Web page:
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The name "Fermi energy" was named after Enrico Fermi, who derived with Paul Dirac, the FermiDirac statistics. These statistics allow one to predict the behaviour of large numbers of electrons under certain circumstances, especially in solids. The equations of quantum mechanics would otherwise be too hard to solve in such situations.
The Fermi energy of a threedimensional, noninteracting, nonrelativistic Fermi gas (or free electron gas[?]) is related to the chemical potential by the equation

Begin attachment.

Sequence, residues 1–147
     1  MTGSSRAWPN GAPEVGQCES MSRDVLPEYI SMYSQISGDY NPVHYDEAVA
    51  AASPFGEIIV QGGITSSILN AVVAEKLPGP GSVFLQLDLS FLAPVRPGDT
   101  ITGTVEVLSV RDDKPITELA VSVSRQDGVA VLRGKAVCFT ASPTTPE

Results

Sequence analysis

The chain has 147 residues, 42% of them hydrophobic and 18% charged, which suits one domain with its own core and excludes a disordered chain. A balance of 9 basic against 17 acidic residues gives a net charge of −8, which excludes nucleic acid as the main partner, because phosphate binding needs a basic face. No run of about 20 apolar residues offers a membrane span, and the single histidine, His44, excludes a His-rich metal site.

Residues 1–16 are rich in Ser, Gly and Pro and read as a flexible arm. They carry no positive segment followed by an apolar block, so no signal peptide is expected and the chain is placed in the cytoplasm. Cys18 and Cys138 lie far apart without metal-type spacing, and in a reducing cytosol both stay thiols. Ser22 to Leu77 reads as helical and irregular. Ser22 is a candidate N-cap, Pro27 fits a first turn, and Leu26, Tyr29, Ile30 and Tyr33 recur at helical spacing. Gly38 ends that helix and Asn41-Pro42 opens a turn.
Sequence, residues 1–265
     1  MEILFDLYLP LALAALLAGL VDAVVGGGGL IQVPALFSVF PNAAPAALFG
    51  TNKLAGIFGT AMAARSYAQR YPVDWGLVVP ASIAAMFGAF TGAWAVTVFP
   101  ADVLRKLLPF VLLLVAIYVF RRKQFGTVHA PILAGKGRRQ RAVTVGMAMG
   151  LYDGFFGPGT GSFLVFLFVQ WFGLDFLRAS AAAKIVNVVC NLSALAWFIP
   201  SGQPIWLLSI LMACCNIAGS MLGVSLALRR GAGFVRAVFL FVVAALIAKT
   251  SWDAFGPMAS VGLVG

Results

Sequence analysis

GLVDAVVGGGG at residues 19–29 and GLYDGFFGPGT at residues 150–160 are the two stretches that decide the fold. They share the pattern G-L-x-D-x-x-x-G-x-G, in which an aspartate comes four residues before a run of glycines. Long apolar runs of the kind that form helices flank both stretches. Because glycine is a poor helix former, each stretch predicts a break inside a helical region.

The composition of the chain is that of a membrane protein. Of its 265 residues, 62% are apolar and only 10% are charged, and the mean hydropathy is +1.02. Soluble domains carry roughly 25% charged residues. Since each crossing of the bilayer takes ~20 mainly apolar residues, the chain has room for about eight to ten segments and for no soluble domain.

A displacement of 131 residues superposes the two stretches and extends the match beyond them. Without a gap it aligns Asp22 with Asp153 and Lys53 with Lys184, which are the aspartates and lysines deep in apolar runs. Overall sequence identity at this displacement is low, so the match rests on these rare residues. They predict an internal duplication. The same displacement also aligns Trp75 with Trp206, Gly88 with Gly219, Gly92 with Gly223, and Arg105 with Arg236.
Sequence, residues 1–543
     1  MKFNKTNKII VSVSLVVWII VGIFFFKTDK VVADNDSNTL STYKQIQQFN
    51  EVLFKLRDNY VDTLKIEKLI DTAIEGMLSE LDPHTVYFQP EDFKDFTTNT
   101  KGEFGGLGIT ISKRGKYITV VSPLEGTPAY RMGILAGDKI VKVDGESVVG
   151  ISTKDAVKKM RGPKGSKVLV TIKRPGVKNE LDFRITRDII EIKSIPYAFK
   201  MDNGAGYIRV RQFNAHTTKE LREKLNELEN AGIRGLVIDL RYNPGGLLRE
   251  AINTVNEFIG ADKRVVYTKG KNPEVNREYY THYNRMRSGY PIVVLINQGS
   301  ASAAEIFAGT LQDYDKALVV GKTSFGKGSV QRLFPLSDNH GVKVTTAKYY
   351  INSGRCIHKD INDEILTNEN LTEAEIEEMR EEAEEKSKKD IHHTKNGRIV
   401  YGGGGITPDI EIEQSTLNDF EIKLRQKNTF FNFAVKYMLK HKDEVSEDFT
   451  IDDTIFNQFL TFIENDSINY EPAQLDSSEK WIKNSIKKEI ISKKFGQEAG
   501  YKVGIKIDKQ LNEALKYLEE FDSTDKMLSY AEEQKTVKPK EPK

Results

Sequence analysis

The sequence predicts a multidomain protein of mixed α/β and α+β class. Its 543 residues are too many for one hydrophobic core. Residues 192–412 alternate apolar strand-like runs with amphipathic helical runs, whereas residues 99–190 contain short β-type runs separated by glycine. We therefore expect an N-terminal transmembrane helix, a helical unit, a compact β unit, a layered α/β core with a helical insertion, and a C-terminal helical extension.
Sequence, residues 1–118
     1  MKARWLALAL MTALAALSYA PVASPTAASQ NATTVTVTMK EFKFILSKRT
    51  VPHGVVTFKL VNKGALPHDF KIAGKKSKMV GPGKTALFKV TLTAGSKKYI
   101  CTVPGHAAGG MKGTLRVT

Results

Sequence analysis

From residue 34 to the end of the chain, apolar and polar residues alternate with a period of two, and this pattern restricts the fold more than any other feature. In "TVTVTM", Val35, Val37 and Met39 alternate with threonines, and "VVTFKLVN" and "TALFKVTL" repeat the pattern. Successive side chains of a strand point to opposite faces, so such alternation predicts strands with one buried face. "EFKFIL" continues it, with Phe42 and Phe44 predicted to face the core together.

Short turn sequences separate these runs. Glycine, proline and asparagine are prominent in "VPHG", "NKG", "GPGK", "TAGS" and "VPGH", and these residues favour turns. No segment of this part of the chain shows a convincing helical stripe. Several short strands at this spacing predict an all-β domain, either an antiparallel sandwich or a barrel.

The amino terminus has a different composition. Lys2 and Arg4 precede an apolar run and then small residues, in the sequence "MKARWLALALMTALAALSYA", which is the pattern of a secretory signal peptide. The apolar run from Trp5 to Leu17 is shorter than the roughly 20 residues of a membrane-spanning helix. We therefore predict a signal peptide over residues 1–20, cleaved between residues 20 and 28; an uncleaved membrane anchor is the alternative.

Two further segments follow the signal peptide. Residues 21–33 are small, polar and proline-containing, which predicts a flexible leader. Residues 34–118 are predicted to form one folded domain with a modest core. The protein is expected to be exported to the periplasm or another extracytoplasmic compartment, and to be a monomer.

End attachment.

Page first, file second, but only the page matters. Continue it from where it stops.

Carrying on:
where ε_{F} is the Fermi energy, k is the Boltzmann constant and T is temperature. Hence, the chemical potential is approximately equal to the Fermi energy at temperatures of much less than the characteristic temperature of the Fermi energy E_{F}/k. The characteristic temperature is on the order of 10^{5}K for a metal, hence at room temperature (300K), the Fermi energy and chemical potential are essentially equivalent. This is significant since it is the chemical potential, not the Fermi energy, which appears in FermiDirac statistics.
Related fields: solid state physics, semiconductors, electrical engineering, electronics, statistical mechanics, thermodynamics
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